|Publication number||US8137338 B2|
|Application number||US 12/216,789|
|Publication date||Mar 20, 2012|
|Filing date||Jul 10, 2008|
|Priority date||May 5, 2003|
|Also published as||EP1620139A1, US7416546, US20040225247, US20080312751, WO2004098665A1|
|Publication number||12216789, 216789, US 8137338 B2, US 8137338B2, US-B2-8137338, US8137338 B2, US8137338B2|
|Inventors||Charles H. Pugsley, Marcia McBride-Sakal, Kurt Geitz|
|Original Assignee||Boston Scientific Scimed, Inc,|
|Export Citation||BiBTeX, EndNote, RefMan|
|Patent Citations (42), Non-Patent Citations (2), Classifications (14), Legal Events (1)|
|External Links: USPTO, USPTO Assignment, Espacenet|
This is a continuation of application Ser. No. 10/706,965, filed Nov. 14, 2003, now U.S. Pat. No. 7,416,546, issued Aug. 26, 2008, which is a continuation-in-part application of application Ser. No. 10/428,801, filed May 5, 2003, now U.S. Pat. No. 8,034,048 both of which are incorporated herein by reference.
The present invention relates to tissue patches and related systems and methods for delivering the tissue patches. In particular, the present invention relates to endoluminally delivered tissue patches for treating, for example, lesions of the alimentary tract to promote healing and reduce risk of infection.
Gastroesophageal reflux occurs when stomach acid enters the esophagus. This reflux of acid into the esophagus can occur naturally in healthy individuals, but also may become a pathological condition in others. Effects from gastroesophageal reflux range from mild to severe. Mild effects include heartburn, a burning sensation experienced behind the breastbone. More severe effects include a variety of complications, such as esophageal erosion, esophageal ulcers, esophageal stricture, abnormal epithelium (e.g., Barrett's esophagus), and/or pulmonary aspiration. These various clinical conditions that result from reflux of stomach acid into the esophagus are referred to generally as Gastroesophageal Reflux Disease (GERD).
Many mechanisms contribute to prevent gastroesophageal reflux in healthy individuals. One such mechanism is the functioning of the lower esophageal sphincter (LES).
Since an individual with Barrett's epithelial tissue is many times more likely to develop esophageal cancer than a healthy individual, a surgical resection of the tissue or tissue ablation is often performed. This type of surgical resection of diseased tissue, however, introduces widely dispersed, open wounds that are very painful to the patient and take a long time to heal. These wounds may be prone to infection if the acid is not properly managed through appropriate medications. Other types of wounds or lesions may also be introduced during the natural progression of the disease, which are subject to the same harsh condition present in this part of anatomy.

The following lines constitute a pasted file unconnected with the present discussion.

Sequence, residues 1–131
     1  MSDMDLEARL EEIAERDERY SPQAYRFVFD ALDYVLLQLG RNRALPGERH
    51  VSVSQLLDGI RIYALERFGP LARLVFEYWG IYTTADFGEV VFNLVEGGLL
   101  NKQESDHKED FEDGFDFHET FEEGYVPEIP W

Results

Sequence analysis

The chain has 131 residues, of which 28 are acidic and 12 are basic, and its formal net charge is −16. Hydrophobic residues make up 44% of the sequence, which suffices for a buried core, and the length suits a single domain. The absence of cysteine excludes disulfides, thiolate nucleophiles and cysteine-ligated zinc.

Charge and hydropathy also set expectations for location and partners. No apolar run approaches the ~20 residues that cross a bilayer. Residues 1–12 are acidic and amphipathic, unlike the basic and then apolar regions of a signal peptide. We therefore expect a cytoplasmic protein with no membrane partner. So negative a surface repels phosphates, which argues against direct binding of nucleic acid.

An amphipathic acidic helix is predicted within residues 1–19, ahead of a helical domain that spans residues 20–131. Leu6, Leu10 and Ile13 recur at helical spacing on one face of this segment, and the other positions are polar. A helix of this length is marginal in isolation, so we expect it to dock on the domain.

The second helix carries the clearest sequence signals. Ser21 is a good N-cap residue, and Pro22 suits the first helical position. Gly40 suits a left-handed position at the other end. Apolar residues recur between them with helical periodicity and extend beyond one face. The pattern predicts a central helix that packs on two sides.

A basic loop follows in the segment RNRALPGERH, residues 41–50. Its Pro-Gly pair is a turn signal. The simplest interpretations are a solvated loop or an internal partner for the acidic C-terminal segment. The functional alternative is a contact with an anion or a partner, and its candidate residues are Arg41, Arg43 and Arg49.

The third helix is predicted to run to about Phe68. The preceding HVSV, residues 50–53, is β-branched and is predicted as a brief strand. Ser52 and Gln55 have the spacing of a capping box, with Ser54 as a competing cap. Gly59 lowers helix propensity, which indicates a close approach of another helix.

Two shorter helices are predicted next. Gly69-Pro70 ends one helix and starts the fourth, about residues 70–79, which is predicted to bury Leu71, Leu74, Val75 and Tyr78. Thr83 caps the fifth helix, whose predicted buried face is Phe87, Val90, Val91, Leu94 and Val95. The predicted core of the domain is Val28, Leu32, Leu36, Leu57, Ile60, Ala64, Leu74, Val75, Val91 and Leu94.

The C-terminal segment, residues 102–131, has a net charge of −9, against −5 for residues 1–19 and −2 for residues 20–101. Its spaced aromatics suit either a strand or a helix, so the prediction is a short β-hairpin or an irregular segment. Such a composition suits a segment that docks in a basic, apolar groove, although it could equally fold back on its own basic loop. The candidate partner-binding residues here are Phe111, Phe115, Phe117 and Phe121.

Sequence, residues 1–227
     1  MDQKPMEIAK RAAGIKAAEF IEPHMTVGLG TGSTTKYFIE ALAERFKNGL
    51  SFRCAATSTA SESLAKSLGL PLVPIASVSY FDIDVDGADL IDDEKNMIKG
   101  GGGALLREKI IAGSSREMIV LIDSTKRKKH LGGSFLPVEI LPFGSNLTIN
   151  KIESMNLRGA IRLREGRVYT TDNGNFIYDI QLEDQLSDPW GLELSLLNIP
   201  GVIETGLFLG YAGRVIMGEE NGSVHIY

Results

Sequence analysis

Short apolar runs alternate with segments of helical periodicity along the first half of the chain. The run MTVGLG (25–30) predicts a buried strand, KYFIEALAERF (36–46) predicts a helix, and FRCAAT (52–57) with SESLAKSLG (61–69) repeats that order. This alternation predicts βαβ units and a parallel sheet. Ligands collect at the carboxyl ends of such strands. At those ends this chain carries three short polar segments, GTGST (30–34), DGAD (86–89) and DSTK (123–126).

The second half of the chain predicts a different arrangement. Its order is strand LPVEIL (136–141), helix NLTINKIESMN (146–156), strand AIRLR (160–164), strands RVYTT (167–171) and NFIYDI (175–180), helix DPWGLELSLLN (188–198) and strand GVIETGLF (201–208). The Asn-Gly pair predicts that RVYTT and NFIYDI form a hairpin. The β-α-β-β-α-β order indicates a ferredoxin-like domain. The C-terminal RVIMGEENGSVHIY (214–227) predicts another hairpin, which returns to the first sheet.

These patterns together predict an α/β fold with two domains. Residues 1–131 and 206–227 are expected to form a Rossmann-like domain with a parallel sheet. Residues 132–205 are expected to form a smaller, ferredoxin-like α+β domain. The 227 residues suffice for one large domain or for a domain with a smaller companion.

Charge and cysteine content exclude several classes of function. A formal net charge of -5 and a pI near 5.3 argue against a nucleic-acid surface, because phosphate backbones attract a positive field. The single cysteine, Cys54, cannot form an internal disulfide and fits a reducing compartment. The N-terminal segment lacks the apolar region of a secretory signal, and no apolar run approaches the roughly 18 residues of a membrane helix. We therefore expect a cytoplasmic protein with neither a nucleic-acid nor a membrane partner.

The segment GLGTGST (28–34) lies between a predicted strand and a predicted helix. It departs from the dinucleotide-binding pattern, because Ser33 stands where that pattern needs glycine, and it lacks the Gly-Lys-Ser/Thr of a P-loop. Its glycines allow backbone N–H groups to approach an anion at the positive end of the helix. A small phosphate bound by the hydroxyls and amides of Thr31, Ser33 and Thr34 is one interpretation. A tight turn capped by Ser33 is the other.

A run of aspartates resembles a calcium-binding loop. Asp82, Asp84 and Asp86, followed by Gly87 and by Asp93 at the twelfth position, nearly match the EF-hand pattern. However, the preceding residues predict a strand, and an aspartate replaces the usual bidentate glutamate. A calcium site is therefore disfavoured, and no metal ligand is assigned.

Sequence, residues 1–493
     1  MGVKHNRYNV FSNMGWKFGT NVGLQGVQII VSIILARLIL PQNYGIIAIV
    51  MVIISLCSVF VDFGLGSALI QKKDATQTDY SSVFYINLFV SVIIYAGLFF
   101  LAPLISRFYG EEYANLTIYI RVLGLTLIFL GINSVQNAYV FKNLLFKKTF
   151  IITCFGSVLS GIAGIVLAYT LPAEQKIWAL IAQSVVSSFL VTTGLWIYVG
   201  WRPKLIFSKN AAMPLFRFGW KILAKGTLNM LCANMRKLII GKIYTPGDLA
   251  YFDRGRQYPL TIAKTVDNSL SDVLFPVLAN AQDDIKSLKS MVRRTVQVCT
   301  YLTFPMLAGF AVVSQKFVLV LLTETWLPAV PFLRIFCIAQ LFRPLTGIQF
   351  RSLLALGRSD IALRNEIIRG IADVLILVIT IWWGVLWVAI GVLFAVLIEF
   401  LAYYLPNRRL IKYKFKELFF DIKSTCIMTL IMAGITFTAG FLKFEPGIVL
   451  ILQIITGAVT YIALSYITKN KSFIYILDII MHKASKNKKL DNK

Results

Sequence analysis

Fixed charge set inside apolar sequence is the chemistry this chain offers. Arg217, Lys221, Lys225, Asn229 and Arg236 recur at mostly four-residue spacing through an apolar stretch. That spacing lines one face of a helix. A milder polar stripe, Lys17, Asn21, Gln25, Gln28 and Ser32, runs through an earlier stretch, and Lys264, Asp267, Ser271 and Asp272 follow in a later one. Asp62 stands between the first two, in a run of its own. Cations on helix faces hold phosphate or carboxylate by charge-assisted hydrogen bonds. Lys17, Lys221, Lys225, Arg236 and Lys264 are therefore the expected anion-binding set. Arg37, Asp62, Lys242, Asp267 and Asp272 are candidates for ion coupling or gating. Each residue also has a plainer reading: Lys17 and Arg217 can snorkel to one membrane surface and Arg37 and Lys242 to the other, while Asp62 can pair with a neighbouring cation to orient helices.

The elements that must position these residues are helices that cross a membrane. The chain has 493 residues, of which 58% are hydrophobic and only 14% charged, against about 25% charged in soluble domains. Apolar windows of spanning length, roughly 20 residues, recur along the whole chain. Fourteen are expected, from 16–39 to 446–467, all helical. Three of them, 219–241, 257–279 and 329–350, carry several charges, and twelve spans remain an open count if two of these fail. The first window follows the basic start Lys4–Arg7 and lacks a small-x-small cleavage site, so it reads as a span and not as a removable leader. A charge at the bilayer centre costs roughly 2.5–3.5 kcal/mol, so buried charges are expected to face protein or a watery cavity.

Therefore, it is accordingly an object of the present invention to provide devices and related methods for treating lesions in the alimentary tract, such as, for example, endoscopic mucosal resection (EMR) sites or esophagus. In particular, the devices and methods promote healing of the lesions by stimulating tissues for rapid healing and/or regrowth while reducing the risk of infection and discomfort of the patient in the least invasive way possible.
In order to eliminate or reduce the need for highly invasive and physiologically insulting surgical procedures, endoscopic techniques have been developed for the diagnosis and/or treatment of certain disorders. Endoscopy allows examination and the manipulation of tools and tissues in interior areas of a patient's body utilizing naturally occurring orifices in the body, such as the alimentary tract. Endoscopic surgery eliminates or greatly reduces the need for the large, surgically-produced openings traditionally required to obtain access to sites deep within the body and, thus, reduces the attendant trauma to skin, muscle, and other tissues. Endoscopic surgery also eliminates or greatly reduces various risks associated with effects of anesthesia during a course of surgery. Consequently, a patient may experience less pain, recover more quickly, and present less scarring.
Therefore, it is accordingly another object of the present invention to provide devices and related methods for endoluminal delivery of the treatment device to a lesion of the alimentary tract, which eliminate or reduce the need for highly invasive, physiologically insulting surgical procedures.
In accordance with the purpose of the invention, as embodied and broadly described herein, one aspect of the invention provides a tissue patch for treatment of a lesion in an alimentary tract of a patient. The tissue patch includes a substrate, a tissue implant attached to the substrate, and a protective liner covering at least a portion of the tissue implant. The tissue implant may be a genetically engineered tissue. The tissue implant may be placed on a surface of the substrate, or be embedded in the substrate in the form of a cellular suspension.